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Hubble measurements have simplified the cosmic "distance ladder," which is needed to calculate a more precise value for the universe's expansion rate, called the Hubble constant. At select host galaxies, Cepheid variable stars – known as reliable milepost markers – are cross-calibrated to Type Ia supernovae in the same host galaxy. The new technique reduced the distance ladder to three "rungs": (1) The distance to galaxy NGC 4258 is measured using straightforward geometry and Kepler's laws; (2) Cepheids in six more distant galaxies are used to calibrate the luminosity of Type Ia supernovae; (3) The Hubble constant is measured by observing a brighter milepost marker, Type Ia supernovae, in more distant galaxies hundreds of millions of light-years away, embedded in the expanding universe.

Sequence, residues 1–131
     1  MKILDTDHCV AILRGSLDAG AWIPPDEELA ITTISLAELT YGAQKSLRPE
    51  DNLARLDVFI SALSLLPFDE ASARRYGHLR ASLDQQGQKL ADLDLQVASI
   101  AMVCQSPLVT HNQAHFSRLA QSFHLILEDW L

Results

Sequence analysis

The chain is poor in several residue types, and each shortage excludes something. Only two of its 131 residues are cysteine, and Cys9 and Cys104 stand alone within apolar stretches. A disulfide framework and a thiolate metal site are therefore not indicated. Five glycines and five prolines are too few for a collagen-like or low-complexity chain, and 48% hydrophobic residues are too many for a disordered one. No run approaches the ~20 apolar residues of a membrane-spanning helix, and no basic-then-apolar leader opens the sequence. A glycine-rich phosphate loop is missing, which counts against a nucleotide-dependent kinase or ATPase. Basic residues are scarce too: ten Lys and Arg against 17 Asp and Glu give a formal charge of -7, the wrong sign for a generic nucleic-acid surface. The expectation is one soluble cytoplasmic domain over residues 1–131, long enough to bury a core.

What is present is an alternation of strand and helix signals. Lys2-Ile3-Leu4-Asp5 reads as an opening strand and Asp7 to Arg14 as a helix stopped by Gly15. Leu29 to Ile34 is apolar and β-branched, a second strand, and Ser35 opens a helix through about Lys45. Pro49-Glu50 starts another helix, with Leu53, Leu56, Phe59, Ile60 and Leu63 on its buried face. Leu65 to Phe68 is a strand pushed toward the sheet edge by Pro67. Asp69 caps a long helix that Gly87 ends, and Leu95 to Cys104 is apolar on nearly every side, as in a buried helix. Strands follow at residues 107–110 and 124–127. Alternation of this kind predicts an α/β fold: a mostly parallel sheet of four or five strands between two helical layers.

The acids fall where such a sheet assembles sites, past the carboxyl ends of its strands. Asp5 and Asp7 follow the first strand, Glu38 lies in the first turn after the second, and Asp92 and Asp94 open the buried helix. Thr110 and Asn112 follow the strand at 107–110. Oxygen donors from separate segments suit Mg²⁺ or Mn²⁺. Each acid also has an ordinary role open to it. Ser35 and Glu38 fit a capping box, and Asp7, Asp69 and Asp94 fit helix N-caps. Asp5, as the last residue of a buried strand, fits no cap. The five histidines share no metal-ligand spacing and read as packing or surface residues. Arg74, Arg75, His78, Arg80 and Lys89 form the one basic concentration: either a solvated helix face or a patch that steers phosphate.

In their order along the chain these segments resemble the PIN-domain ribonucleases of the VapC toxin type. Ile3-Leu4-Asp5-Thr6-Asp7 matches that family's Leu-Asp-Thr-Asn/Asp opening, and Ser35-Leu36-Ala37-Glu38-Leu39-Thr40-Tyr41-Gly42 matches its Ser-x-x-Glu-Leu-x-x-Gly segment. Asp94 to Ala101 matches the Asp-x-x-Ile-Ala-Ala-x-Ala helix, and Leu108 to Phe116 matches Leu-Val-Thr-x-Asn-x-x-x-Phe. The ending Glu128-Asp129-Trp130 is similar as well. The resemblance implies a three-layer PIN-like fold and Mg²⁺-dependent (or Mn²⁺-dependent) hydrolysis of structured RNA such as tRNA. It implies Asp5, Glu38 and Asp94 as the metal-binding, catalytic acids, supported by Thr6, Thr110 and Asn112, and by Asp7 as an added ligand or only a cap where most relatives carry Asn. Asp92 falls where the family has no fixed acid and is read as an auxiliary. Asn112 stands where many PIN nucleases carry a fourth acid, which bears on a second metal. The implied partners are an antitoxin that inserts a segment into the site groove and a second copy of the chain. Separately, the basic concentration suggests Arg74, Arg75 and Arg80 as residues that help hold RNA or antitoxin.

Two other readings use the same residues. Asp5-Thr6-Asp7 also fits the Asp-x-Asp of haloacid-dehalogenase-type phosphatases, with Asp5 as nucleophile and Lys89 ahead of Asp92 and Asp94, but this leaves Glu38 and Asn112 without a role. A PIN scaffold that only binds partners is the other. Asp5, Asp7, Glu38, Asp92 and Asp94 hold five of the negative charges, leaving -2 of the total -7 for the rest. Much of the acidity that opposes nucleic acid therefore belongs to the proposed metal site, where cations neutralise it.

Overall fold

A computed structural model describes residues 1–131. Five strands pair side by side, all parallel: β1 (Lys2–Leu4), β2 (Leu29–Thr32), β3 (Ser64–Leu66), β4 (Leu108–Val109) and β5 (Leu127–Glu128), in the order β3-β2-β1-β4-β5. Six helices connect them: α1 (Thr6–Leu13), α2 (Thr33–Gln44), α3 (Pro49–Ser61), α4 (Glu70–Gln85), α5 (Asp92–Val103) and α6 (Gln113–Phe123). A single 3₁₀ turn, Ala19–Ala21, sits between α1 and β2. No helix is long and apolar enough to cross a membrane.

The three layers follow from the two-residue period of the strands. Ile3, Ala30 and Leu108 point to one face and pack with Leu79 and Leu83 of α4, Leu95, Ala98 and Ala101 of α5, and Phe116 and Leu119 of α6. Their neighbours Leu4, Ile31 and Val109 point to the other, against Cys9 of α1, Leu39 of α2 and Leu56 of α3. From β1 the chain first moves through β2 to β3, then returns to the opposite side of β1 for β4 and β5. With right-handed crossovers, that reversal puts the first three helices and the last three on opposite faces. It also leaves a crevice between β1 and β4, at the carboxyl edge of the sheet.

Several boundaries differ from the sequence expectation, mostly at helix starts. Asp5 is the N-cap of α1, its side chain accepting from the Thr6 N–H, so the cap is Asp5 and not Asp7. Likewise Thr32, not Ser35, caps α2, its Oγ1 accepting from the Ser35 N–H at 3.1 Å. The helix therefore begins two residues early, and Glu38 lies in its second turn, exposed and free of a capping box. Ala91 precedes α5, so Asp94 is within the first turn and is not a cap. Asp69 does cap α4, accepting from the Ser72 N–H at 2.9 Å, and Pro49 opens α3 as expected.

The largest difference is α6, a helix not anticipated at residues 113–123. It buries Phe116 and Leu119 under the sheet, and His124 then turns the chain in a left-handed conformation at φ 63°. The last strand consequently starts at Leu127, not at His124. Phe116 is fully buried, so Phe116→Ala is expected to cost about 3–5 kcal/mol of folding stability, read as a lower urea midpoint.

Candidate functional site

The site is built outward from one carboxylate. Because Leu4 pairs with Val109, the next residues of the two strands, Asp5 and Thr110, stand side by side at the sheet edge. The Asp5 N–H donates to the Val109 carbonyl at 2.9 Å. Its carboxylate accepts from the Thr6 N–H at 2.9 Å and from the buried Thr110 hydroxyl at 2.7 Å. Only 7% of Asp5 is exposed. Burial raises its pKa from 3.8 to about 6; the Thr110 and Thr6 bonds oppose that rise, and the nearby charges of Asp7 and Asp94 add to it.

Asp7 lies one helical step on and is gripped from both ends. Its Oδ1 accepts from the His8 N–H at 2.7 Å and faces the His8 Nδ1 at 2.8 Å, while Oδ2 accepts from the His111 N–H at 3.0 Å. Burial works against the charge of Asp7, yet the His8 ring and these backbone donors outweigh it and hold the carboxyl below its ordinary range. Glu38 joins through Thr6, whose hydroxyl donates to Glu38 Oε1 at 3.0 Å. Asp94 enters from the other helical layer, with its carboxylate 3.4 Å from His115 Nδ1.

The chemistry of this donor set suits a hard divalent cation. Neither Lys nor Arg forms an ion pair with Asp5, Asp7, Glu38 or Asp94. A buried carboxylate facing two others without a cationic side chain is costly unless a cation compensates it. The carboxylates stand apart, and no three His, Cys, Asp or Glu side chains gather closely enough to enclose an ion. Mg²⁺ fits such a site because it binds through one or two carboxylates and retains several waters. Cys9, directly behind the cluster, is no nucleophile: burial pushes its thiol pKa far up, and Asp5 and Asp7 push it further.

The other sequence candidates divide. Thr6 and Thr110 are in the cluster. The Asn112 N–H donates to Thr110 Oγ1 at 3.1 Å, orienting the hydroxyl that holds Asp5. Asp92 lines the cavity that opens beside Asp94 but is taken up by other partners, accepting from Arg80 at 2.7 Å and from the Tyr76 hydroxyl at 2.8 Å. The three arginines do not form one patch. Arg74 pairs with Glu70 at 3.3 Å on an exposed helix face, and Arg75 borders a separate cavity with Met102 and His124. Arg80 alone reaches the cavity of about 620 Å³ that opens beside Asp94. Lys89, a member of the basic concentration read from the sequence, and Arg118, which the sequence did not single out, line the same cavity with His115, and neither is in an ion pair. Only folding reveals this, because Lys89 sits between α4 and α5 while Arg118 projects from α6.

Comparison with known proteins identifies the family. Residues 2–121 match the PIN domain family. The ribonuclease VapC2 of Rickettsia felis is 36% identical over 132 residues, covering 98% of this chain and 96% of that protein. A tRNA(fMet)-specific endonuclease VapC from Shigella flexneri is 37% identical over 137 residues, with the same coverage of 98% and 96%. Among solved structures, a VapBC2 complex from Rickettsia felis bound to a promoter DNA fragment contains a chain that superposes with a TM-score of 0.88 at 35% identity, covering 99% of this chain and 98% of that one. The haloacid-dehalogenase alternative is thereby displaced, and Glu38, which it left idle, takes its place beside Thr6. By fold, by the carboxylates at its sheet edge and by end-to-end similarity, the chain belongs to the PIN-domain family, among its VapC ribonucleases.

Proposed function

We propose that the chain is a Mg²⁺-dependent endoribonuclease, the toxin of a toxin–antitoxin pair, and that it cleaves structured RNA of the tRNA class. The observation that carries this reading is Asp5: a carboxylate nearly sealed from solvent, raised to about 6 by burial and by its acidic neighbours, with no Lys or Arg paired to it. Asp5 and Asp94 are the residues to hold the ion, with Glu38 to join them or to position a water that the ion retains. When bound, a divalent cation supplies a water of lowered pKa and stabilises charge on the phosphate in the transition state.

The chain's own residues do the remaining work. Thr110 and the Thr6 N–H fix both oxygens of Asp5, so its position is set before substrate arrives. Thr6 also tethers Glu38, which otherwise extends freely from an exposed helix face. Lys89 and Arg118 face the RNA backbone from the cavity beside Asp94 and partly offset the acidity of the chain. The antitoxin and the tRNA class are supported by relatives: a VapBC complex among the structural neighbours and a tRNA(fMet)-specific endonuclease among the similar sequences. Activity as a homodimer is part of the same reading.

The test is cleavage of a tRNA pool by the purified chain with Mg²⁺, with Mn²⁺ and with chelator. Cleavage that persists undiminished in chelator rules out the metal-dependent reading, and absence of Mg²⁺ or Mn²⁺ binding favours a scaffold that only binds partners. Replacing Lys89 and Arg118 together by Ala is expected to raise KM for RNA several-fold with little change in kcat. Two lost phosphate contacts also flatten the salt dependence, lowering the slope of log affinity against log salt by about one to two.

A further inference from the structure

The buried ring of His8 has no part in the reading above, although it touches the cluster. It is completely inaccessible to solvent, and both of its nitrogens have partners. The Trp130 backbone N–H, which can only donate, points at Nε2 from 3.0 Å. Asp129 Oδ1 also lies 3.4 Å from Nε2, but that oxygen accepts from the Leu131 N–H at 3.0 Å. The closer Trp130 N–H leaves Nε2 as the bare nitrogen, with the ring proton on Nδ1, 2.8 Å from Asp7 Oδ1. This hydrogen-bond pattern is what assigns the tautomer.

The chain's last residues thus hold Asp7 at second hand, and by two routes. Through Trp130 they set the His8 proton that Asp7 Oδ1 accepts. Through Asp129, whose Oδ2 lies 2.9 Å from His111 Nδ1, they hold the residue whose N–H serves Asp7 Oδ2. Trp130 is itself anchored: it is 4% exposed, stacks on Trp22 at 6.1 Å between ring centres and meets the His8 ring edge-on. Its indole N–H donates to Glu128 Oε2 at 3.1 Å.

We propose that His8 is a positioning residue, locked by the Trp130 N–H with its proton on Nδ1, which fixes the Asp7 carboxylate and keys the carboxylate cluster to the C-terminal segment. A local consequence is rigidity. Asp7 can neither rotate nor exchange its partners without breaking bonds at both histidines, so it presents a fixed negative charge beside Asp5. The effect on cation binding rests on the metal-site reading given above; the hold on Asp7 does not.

Cosmology, Dark Energy, Dark Matter, Distant Galaxies, Exotic, Hubble Telescope, Illustrations, Universe Age/Size


Credit: NASA, ESA, and A. Feild (STScI)